The Dubliners (album)

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The Dubliners
The Dubliners with Luke Kelly.jpg
Live album by
Released1964
StudioLivingston Recording Studios, London
GenreIrish folk
Length36:28
LabelTransatlantic
ProducerNathan Joseph
The Dubliners chronology
The Dubliners
(1964)
In Concert
(1965)
US cover
Dubliners US.jpg
Professional ratings
Review scores
SourceRating
Allmusic4.5/5 stars[1]

The Dubliners is the eponymous debut album by the Irish folk band The Dubliners. A studio recording in front of a small invited audience, It was produced by Nathan Joseph and released by Transatlantic Records in 1964. The line-up consisted of Ronnie Drew, Barney McKenna, Luke Kelly and Ciarán Bourke.

The album is referred to on the back cover notes and has been reissued under the title The Dubliners with Luke Kelly as, by the time of its release, Luke had left the band. He rejoined in late 1965.

Track listing[edit]

Side One[edit]

  1. "The Wild Rover" - 3:13
  2. "The Ragman's Ball" - 2:08
  3. "Preab San Ól" - 2:14
  4. "The High Reel" - 2:58
  5. "The Holy Ground" - 2:15
  6. "Tramps and Hawkers" - 3:06
  7. "Home Boys, Home" - 3:17

Side Two[edit]

  1. "Rocky Road to Dublin" - 2:34
  2. "Banks of the Roses" - 2:12
  3. "I'll Tell My Ma" - 2:06
  4. "Swallow's Tail Reel" - 2:49
  5. "Jar of Porter" - 2:14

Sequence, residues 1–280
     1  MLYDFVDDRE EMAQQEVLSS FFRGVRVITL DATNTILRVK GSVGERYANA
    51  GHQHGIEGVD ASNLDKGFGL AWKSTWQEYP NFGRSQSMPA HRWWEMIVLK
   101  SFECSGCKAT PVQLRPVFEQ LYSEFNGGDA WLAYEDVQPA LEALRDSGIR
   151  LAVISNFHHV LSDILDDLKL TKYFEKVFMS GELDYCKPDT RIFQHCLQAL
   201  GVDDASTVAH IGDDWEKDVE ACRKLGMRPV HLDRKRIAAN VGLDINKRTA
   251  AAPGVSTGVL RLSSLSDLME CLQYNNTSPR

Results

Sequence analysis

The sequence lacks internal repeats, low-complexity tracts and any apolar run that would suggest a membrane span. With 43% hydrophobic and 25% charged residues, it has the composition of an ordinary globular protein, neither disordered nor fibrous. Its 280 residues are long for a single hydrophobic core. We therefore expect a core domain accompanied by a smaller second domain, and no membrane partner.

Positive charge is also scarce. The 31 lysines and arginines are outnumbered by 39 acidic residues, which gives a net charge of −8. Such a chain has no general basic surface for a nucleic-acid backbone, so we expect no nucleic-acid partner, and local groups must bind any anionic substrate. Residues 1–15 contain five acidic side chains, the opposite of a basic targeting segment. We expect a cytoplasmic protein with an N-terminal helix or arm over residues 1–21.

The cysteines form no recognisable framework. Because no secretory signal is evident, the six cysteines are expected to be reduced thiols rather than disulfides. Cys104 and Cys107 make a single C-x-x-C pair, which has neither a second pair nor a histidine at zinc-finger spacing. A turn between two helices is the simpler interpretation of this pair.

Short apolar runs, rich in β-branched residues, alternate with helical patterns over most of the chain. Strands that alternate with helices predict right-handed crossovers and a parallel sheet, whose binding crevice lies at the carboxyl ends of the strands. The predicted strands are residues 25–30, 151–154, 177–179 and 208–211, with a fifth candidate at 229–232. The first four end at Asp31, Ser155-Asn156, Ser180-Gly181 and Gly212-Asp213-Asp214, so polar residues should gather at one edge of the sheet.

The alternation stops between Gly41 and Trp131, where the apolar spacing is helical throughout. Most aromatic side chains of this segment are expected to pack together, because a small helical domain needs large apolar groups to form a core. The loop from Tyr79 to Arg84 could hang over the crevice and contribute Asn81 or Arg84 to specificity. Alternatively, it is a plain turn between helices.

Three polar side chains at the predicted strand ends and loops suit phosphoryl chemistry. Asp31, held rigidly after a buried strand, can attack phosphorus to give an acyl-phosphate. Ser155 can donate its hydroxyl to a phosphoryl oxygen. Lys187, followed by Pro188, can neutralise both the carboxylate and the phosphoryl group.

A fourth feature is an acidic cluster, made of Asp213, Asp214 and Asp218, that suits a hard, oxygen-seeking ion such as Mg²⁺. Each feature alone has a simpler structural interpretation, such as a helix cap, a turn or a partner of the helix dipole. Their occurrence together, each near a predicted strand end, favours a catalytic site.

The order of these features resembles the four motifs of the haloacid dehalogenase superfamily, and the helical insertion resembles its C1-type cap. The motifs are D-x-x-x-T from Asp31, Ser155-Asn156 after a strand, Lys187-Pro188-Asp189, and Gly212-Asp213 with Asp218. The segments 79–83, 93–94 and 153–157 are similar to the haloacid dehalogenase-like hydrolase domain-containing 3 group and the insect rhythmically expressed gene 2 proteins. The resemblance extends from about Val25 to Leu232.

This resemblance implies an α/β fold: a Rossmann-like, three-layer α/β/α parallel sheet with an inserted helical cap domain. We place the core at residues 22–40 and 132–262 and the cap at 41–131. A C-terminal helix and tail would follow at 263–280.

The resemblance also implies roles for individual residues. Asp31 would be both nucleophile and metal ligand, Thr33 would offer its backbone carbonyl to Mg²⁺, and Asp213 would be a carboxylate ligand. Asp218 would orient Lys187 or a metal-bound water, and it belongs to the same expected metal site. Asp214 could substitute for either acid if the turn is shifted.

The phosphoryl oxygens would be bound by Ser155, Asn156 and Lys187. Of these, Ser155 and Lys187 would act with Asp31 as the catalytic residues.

6. "Love Is Pleasing" - 1:47
  7. "The Nightingale" - 3:35

Personnel[edit]

Mislabelled Instrumental Tracks[edit]

The tune labelled "Swallow's Tail Reel" is a medley of "The Swallow's Tail" (O'Neill 536) and "The High Reel" (O'Neill 721), from O'Neill's Dance Music of Ireland.

The tune labelled "The High Reel" is actually a medley of two different tunes. According to McKenna, the title of the first tune is "Códháirdeachais" (meaning "Congratulations" — this an old, pre-1948, spelling of the Irish word; the current spelling would be "Comhghairdeas") and the title of the second is "The Boyne Hunt" (O'Neill 514, Willie Clancy 142). Several people have also noticed the resemblance of the first tune to the better-known "Sporting Nell".[2][3]

Barney McKenna's correction of the title of a tune mislabelled by the record company.

References[edit]

  1. ^ Allmusic review
  2. ^ https://thesession.org/recordings/7412
  3. ^ Dubliners Discography.[1], retrieved November 4, 2009